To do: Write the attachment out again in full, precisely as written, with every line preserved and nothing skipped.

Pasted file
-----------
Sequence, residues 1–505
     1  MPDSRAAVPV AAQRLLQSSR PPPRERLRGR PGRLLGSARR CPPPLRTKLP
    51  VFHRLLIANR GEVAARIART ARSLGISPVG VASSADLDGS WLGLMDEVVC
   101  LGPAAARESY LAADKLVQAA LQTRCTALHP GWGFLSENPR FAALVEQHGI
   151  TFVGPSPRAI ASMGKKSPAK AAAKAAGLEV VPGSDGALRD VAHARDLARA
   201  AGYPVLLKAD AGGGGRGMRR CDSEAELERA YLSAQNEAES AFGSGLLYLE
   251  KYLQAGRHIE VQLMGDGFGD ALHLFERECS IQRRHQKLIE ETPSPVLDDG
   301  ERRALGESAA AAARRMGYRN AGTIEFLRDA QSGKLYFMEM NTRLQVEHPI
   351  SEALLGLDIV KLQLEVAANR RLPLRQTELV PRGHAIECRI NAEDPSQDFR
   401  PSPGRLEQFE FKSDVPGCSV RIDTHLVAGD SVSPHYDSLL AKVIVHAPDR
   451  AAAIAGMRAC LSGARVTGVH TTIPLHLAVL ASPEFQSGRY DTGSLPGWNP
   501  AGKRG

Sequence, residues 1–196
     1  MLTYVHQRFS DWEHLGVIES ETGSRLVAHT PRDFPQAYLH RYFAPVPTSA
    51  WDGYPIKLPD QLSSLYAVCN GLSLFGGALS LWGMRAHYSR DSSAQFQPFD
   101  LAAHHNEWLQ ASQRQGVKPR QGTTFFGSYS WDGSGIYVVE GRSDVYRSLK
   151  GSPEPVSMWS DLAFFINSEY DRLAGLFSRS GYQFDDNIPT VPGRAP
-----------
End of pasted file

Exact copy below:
Sequence, residues 1–505
     1  MPDSRAAVPV AAQRLLQSSR PPPRERLRGR PGRLLGSARR CPPPLRTKLP
    51  VFHRLLIANR GEVAARIART ARSLGISPVG VASSADLDGS WLGLMDEVVC
   101  LGPAAARESY LAADKLVQAA LQTRCTALHP GWGFLSENPR FAALVEQHGI
   151  TFVGPSPRAI ASMGKKSPAK AAAKAAGLEV VPGSDGALRD VAHARDLARA
   201  AGYPVLLKAD AGGGGRGMRR CDSEAELERA YLSAQNEAES AFGSGLLYLE
   251  KYLQAGRHIE VQLMGDGFGD ALHLFERECS IQRRHQKLIE ETPSPVLDDG
   301  ERRALGESAA AAARRMGYRN AGTIEFLRDA QSGKLYFMEM NTRLQVEHPI
   351  SEALLGLDIV KLQLEVAANR RLPLRQTELV PRGHAIECRI NAEDPSQDFR
   401  PSPGRLEQFE FKSDVPGCSV RIDTHLVAGD SVSPHYDSLL AKVIVHAPDR
   451  AAAIAGMRAC LSGARVTGVH TTIPLHLAVL ASPEFQSGRY DTGSLPGWNP
   501  AGKRG

Sequence, residues 1–196
     1  MLTYVHQRFS DWEHLGVIES ETGSRLVAHT PRDFPQAYLH RYFAPVPTSA
    51  WDGYPIKLPD QLSSLYAVCN GLSLFGGALS LWGMRAHYSR DSSAQFQPFD
   101  LAAHHNEWLQ ASQRQGVKPR QGTTFFGSYS WDGSGIYVVE GRSDVYRSLK
   151  GSPEPVSMWS DLAFFINSEY DRLAGLFSRS GYQFDDNIPT VPGRAP